Thursday, August 21, 2008

The Hive Mind (Phrase introduced to me by QuoterGal)

Quote of the day: “So it is with minds. Unless you keep them busy with some definite subject that will bridle and control them, they throw themselves in disorder hither and yon in the vague field of imagination... And there is no mad or idle fancy that they do not bring forth in the agitation.” ~Michel de Montaigne

Song of the day: “Spider Web” by Joan Osborne

State of mind: apparently helpful

Date: 8/21/08

Yesterday a co-worker told me about a story she heard on NPR that was just so cool I had to google it. Took a few tries to find what she was talking about though since the only online site to carry the story was Boston.com. You would think this story would have been bigger news, or at least carried by a few more news sites. Just how much are the Olympics distracting us all anyhow? I’m not sure why this article captured me so. I could say it’s because the plan was elegant in its simplicity, but if I were to say that then according to The Middleman that would mean I’m evil.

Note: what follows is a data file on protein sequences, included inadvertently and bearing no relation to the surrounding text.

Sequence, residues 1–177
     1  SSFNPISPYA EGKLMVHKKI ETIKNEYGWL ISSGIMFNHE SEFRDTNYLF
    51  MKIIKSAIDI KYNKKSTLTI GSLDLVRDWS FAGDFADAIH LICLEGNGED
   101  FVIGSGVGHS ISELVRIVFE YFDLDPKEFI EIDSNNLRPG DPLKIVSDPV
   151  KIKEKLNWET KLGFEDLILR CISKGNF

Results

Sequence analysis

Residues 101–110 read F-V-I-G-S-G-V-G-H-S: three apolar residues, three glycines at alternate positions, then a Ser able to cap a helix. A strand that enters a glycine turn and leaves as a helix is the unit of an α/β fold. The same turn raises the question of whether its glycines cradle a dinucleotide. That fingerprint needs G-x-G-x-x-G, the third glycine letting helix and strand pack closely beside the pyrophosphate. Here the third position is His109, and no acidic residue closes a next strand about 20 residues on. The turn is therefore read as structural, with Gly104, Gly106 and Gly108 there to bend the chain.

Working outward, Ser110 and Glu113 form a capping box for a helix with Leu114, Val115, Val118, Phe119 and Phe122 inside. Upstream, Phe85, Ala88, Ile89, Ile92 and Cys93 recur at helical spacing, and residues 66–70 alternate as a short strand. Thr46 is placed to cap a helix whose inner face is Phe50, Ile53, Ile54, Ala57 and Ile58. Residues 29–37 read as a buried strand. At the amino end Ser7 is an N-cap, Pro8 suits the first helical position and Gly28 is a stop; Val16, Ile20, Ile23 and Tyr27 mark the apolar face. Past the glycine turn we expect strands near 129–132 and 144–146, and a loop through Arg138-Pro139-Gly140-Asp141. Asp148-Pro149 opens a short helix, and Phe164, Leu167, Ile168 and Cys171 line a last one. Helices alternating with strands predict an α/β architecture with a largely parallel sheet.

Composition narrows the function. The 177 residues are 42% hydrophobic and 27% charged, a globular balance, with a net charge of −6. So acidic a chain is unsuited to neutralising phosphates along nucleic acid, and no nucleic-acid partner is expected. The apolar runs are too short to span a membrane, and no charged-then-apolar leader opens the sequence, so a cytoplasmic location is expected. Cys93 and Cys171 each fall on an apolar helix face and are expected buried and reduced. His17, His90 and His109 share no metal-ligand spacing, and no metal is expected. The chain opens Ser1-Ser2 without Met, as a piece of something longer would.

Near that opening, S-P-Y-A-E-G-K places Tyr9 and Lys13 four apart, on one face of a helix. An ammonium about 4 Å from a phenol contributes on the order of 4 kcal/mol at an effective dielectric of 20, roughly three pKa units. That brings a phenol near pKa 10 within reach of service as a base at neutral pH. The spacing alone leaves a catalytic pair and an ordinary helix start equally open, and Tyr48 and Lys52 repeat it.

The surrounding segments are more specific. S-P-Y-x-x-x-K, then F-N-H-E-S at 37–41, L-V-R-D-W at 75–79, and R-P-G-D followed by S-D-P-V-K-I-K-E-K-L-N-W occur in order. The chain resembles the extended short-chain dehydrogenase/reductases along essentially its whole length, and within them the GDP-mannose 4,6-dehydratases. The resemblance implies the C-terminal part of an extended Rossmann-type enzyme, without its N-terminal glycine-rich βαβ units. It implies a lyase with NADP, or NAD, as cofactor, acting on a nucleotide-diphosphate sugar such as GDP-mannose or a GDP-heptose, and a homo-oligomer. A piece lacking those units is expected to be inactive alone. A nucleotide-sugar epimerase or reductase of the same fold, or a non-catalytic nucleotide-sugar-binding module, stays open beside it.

What is this simple, yet elegant scheme? Captcha. Those annoying wavy letters and numbers that a lot of sites are using to make sure it's a human that is trying to log in, post, purchase tickets, or whatever are being used to decipher old handwritten texts so libraries can make digital copies of these volumes for posterity. Isn’t that cool? Seems that even though a computer can calculate to the millionth digit of Pi in less than a second, connect people all over the world so in real time I can know when someone a thousand miles away goes to lunch, make me a magna cartoon*, or scour the millions of pages on the internet just to find any and all references to “raspberry bloomers” in less time than it took me to spell it, they sometimes can’t read our crappy handwriting.
Let me just link the story for you. I didn’t google it for nothing: Click to translate. So the next time you are trying to get Jonas Brothers tickets you might just be putting in the last piece of someone’s ode to cottage cheese that was writ in 1878 in place. Good for you!